I started my nursing career slightly later. I was 24 and working in business having studied business studies after school. I lived in London and travelled a lot, but I didn’t feel 100% satisfied with my career. It was a family friend, who was a nurse, who inspired me to go into nursing and so in 1992 I began my nursing studies at University College Hospitals (UCH) with the belief that I wanted to try and make a difference to peoples’ lives.
I’ve been a general practice nurse for 15 years and I’ve been in my current job for 18 months. Prior to that I worked in secondary care: urology, A&E and Intensive Care.
As a practice nurse, I see all types of medical conditions. I work in a busy, fast paced practice which looks after approximately11,000 patients. Currently, I am the lead nurse for asthma, but I also run the hypertension clinic and I am a nurse prescriber. I’m also qualified in diabetes, travel medicine and run my own clinics which incorporate everything from wound care to baby immunisations, contraception advice, cervical screening and much more.
Positive patient feedback…
Helen asked me if I have had any patient feedback recently. I had one patient who gave some great positive feedback as during a routine blood pressure check, I suspected she had atrial fibrillation (AF) – she was sent into hospital for further investigations and now feels much better. And that encapsulates a lot of what general practice nursing is about; we see patients who come in with one presenting problem and it turns out there are other medical issues/concerns that need investigating. Most of us have a lot of experience behind us which helps.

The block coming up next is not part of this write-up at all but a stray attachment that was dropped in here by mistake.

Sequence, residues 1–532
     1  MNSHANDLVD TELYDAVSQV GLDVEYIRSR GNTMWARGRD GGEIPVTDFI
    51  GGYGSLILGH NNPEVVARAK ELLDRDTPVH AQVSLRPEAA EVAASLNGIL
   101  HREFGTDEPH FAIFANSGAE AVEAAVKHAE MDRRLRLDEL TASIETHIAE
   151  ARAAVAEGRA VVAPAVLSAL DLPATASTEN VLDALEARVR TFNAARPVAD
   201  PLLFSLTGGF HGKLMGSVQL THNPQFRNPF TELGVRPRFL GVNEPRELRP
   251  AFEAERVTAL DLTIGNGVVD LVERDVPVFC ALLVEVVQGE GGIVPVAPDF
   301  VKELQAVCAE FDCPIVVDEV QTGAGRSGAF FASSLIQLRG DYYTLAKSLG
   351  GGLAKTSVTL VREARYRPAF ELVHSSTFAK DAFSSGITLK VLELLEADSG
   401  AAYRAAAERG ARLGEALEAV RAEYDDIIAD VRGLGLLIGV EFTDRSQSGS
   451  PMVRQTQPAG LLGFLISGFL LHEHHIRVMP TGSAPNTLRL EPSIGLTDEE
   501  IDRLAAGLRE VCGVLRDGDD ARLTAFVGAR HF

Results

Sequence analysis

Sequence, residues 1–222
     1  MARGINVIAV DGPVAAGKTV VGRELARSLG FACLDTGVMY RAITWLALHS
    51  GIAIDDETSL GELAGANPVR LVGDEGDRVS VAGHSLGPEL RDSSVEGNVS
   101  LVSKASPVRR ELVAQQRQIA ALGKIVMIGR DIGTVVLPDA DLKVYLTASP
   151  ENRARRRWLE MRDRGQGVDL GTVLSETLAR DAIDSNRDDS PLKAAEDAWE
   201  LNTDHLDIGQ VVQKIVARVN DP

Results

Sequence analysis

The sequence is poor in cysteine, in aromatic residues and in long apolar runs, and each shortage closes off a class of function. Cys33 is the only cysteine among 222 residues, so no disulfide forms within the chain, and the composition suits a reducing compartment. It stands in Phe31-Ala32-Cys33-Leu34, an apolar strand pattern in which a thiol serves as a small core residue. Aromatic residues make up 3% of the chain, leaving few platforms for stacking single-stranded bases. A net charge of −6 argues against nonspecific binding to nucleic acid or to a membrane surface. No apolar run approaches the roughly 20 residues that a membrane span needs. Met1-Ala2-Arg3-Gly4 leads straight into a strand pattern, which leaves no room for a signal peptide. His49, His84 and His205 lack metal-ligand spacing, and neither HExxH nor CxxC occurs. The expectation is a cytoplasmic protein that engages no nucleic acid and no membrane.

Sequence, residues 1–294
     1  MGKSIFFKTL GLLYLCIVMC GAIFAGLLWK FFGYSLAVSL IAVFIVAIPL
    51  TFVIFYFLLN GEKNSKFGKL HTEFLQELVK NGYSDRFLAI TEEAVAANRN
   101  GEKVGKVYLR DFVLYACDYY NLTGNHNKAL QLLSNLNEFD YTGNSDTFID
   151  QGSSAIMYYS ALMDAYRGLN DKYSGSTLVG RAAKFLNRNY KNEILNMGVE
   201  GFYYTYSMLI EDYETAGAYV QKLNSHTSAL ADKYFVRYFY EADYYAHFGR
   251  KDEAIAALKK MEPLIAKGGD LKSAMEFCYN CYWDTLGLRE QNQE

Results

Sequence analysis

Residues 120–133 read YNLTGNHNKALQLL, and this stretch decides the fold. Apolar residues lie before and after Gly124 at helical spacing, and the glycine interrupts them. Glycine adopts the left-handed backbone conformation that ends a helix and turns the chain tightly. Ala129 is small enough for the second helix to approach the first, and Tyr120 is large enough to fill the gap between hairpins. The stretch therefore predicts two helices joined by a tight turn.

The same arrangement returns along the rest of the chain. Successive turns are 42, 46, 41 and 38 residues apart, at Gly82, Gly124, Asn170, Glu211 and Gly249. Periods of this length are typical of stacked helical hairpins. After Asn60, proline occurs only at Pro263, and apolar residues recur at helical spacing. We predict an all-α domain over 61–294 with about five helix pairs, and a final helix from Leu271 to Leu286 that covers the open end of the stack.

Nurse led group sessions
However, we are always learning and updating our skills or looking at new ways of working. Just recently, my practice has decided to run nurse led group sessions for teenagers with asthma. Research shows that this group of patients are more receptive to their peers and get encouragement through each other as opposed to a nurse or GP advising them what to do during a one-on-one consultation – we are going to focus on inhaler technique and take it from there.
Life long learners
In nursing we are life long learners and we have to be flexible. My advice to anyone wanting to enter the profession is that nursing can be what you want it to be – it’s what you make it and you can specialise and take many paths to have a fulfilling career. And the bonus, especially with GP nursing, is that it can fit around your family!
I have great job satisfaction in that it is a privilege to help people feel better and healthier. The care general practice nurses give is often holistic and we do make a difference to patients’ lives. I often find that some patients ‘open up’ during a consultation which is a good thing – nurses are there to talk to! And that is my advice to patients. No problem is too small. We are always there to help and if not through face to face consultations, over the phone. We are also in touch with other specialist nurses whether through direct patient referral or for advice. Communication is key. From an informative point of view, in my place of work, we have a regular newsletter for patients with everything in it that we feel helpful. In addition, we have a dedicated volunteer run service for help in the community.
My surgery is incredibly proactive for the good of the patient and I feel supported, but I know that’s not always the case and with recent cuts in bursaries and salaries, it’s hard. Nowadays a lot of families need two salaries so nurses should not be exempt from pay increases. We are professionals and we have trained hard to get where we are so we should be recognised accordingly, like any other profession.
That aside, nursing is incredibly rewarding – we need more of us so if you feel passionate about good care and making a difference – do it!
Finally, I love being a nurse because: I meet other like minded professionals who share knowledge and work together to improve the lives of our patients – oh and I’ve had a few laughs along the way!